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MYMOP2

See the MYMOP2: Link to the measure's 'initial form' and 'follow up form'

Description
The MYMOP2 (Make Yourself Medical Outcome Profile version 2) is a patient-generated problem-specific measure that allows the patient to select the most important problems to them that they want to address. It is a free to use, clinically useful measure.

During a consultation with your patient, the patient should be asked to complete the MYMOP with you. The patient decides what symptom is most problematic to them (they can also suggest a related secondary symptom) and they rate the severity of this symptom. They then decide on an activity that they would like to improve on (this can be something that seems quite minor, like brushing their hair or being able to put on their socks, or it can be something ‘bigger’) and they rate how much the symptom impedes them in this activity. The patient also rates their general wellbeing and notes down any medications that they are on for the symptom, including doses. A follow up at an agreed time period is carried out and the change in scores and medication doses/use is examined. It is important to use unmodified versions of the MYMOP2 forms for validity and reliability reasons.

Through using the MYMOP2 you are not only finding out about the effectiveness of your treatment, but you are also acting in a patient centred way addressing the issues that are most important to your patient and allowing them to set their own treatment goals.

The MYMOP2 can be used in patients from 11 years and older. While it has not been validated for younger children, the author (via the official website, see ‘relevant links’ below) does indicate that the MYMOP2 can be completed with the help of a carer, parent or guardian. The same person should also help with the follow up.

How to collect the data
The MYMOP website has a very clear set of user guidelines and forms are available here.

The MYMOP2 is a two stage process. The first MYMOP2 form should be completed with your patient during a consultation with the patient.

Stage 1:

  • With a copy of the MYMOP2 initial form at hand, ask the patient to tell you what symptom is mot important to them that they have attended treatment for. If the patient is unsure about what you mean by ‘symptom’ you can give an example, but it is important that this is in the patient’s own words. This should only be one symptom (so ‘pain’ instead of ‘pain and tingling’). Write the symptom onto the form for them.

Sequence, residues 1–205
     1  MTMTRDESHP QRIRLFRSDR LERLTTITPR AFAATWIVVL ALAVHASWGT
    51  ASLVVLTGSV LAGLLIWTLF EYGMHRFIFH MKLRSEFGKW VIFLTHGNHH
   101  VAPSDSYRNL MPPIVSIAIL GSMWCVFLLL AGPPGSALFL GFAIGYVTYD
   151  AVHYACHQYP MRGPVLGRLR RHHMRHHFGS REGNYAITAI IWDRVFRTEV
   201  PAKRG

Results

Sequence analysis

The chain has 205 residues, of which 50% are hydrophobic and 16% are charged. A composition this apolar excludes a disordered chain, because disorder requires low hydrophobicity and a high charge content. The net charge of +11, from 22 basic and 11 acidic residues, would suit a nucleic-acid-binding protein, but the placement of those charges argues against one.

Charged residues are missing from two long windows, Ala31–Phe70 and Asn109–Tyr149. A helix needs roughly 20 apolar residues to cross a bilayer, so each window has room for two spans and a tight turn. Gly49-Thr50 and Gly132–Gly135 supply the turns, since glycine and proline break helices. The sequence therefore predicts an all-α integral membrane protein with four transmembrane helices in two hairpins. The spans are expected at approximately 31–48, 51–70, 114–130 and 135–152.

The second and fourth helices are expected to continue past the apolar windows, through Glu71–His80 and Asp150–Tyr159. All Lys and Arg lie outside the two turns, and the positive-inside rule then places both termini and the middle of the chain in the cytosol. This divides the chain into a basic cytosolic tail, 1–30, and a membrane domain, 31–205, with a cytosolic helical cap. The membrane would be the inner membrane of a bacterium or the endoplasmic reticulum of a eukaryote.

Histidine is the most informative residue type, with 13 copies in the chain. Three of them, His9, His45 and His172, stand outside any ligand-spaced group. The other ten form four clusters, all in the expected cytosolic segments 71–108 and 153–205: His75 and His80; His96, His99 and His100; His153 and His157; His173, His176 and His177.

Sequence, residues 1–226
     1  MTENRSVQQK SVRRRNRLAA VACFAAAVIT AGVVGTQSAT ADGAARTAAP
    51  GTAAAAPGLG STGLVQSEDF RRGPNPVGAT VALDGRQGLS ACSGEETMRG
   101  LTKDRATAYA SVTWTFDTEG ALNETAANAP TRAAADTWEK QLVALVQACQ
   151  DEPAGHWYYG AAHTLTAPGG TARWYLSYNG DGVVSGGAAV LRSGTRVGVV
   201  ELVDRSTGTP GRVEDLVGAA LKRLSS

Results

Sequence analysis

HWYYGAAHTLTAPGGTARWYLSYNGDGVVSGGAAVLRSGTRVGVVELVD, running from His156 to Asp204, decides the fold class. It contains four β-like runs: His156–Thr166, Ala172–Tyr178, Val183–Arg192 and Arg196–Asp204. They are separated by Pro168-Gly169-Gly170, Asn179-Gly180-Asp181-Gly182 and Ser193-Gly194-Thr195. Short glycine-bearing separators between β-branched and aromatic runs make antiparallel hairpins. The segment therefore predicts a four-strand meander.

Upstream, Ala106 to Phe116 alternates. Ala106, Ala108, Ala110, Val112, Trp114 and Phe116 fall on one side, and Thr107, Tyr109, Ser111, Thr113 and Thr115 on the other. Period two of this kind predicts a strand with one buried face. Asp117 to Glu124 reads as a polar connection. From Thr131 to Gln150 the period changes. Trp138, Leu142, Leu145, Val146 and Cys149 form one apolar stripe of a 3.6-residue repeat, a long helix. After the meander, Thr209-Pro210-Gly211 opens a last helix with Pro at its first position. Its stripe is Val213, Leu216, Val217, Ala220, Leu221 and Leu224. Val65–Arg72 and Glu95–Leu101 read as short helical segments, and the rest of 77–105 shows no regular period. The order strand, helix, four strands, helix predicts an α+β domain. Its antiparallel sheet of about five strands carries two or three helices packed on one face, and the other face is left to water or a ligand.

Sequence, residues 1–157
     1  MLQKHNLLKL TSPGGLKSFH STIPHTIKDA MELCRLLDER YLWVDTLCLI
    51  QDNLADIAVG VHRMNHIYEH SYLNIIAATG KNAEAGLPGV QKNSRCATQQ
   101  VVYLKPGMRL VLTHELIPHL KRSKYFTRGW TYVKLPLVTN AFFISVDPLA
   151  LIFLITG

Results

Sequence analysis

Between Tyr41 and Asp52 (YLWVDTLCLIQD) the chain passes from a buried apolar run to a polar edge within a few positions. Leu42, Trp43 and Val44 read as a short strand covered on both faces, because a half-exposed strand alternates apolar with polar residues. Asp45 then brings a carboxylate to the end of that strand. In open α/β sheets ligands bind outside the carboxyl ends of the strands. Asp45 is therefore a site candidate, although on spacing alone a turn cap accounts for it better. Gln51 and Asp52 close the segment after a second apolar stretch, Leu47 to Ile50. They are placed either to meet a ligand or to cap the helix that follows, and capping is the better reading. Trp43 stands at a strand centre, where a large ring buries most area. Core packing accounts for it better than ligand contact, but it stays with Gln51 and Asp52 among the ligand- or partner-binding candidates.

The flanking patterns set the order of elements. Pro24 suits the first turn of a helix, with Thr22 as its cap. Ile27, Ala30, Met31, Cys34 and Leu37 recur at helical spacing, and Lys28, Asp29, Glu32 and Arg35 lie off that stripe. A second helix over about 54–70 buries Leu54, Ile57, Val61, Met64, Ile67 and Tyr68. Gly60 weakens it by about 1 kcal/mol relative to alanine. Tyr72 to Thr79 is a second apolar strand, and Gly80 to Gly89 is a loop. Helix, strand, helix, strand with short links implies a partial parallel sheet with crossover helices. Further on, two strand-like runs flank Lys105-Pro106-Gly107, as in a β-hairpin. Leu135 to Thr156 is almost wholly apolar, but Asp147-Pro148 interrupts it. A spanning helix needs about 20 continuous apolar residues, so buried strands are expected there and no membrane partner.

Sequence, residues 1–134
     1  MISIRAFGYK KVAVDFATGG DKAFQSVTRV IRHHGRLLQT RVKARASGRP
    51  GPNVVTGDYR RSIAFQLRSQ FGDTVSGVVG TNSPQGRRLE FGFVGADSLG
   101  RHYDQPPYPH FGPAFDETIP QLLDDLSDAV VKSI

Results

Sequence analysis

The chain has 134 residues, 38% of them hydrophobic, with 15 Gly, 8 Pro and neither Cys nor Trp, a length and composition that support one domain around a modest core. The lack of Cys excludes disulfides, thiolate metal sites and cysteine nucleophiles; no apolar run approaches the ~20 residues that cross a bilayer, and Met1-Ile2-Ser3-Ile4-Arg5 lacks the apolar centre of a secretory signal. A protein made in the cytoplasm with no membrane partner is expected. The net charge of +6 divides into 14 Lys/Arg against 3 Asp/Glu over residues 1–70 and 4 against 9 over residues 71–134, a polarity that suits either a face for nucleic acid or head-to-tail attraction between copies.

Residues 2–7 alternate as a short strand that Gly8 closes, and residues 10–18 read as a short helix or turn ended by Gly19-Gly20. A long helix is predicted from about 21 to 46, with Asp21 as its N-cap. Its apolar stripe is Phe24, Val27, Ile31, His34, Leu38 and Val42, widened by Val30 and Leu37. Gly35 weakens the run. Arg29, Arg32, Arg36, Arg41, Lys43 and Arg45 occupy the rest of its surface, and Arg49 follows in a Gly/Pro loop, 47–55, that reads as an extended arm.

• You can then ask them for a second symptom. This must be related to the first one (so in the example above it could be ‘tingling’). Symptom 2 is optional, but encouraged. Write the symptom onto the form.
  • Ask the patient to choose an activity that they feel the symptom(s) interfere with. This should be something that the person considers important. Encourage them that it can be something that seems quite ‘minor’ like brushing their hair or doing some garden work. Again, this is optional, but strongly encouraged. Write this down on the form.
  • Ask them to rate on a 0-6 scale (6=as bad as it can be) how bad each of these three items have been over the last week.
  • Ask them “Lastly how would you rate your general feeling of wellbeing during the last week?” in those words on the 0-6 scale (you can clarify what well-being means to them if you need to).
  • Get them to complete the section about medications.

Stage 2:

  • After an agreed time period (this should be a sensible, meaningful time period) or after a treatment or intervention you should use the follow up form. This can be posted to the patient or completed with them during a consultation. The original symptoms and activities should be written onto the form in the same wording as before. A third symptom option (not required) is available if a new, related, important symptom has arisen.
  • The patient should rate on the 0-6 scale for the symptoms, activity and wellbeing and should complete the medication questions as before.

If the patient has two different problems (e.g., asthma and knee pain) you can complete two MYMOP2 forms and measure both, if you wish. Alternatively you can measure the MYMOP2 on only one problem at a time, to keep things simpler.

After the follow up stage you should calculate your scores and discuss these changes with your patient to establish progress and any further needs.

How much data do you need to collect?
You can either collect data from only one patient to use this completely as an individualised clinical tool or you can use the MYMOP2 to look at the effectiveness of your treatments overall with a group of patients. Due to the flexibility of the measure no strict guidance on how many measures you should collect are given. However, a representative sample of your patients should be used. In general, the greater the number of measures collected the better and more meaningful your generalisations will be. A sample of around 50 should be adequate, but fewer will still provide meaningful. And regardless of the total number of measures collected, each individual measure is still very meaningful clinically to your individual patient.

What to do with your raw data – scoring the measure
Symptom 1, Symptom 2, Activity, and Wellbeing each have a separate score (from 0 ‘as good as it could be’ to 6 ‘as bad as it could be’).

You can also work out a MYMOP profile score. The MYMOP profile score is the mean average of all answered questions. Example: If symptom 1 is scored as 6, Symptom 2 is not used, Activity is scored as 4, and Wellbeing is scored as 2, you would sum these scores and divide them by the number of questions included.

  • So, 6+4+2=12 (the summed score), then divide this by 3 (the number of questions)
  • You then have a MYMOP profile score of 4.